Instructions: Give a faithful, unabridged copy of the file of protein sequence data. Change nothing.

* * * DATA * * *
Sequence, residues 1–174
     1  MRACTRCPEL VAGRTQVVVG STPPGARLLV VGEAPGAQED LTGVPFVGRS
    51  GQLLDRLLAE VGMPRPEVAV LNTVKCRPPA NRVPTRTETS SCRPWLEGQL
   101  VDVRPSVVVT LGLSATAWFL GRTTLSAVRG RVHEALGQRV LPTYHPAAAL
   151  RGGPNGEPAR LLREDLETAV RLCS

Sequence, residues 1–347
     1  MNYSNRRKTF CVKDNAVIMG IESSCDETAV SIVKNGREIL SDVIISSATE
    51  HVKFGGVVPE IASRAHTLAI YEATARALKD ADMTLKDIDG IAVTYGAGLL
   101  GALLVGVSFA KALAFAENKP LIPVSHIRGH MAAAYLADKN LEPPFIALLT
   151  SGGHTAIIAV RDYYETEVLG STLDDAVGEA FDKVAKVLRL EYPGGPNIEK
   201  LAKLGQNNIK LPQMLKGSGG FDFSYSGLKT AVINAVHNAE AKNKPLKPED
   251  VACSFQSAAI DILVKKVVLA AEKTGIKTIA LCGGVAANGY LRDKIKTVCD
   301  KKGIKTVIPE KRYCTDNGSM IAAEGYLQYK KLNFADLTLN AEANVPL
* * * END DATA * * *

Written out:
Sequence, residues 1–174
     1  MRACTRCPEL VAGRTQVVVG STPPGARLLV VGEAPGAQED LTGVPFVGRS
    51  GQLLDRLLAE VGMPRPEVAV LNTVKCRPPA NRVPTRTETS SCRPWLEGQL
   101  VDVRPSVVVT LGLSATAWFL GRTTLSAVRG RVHEALGQRV LPTYHPAAAL
   151  RGGPNGEPAR LLREDLETAV RLCS

Sequence, residues 1–347
     1  MNYSNRRKTF CVKDNAVIMG IESSCDETAV SIVKNGREIL SDVIISSATE
    51  HVKFGGVVPE IASRAHTLAI YEATARALKD ADMTLKDIDG IAVTYGAGLL
   101  GALLVGVSFA KALAFAENKP LIPVSHIRGH MAAAYLADKN LEPPFIALLT
   151  SGGHTAIIAV RDYYETEVLG STLDDAVGEA FDKVAKVLRL EYPGGPNIEK
   201  LAKLGQNNIK LPQMLKGSGG FDFSYSGLKT AVINAVHNAE AKNKPLKPED
   251  VACSFQSAAI DILVKKVVLA AEKTGIKTIA LCGGVAANGY LRDKIKTVCD
   301  KKGIKTVIPE KRYCTDNGSM IAAEGYLQYK KLNFADLTLN AEANVPL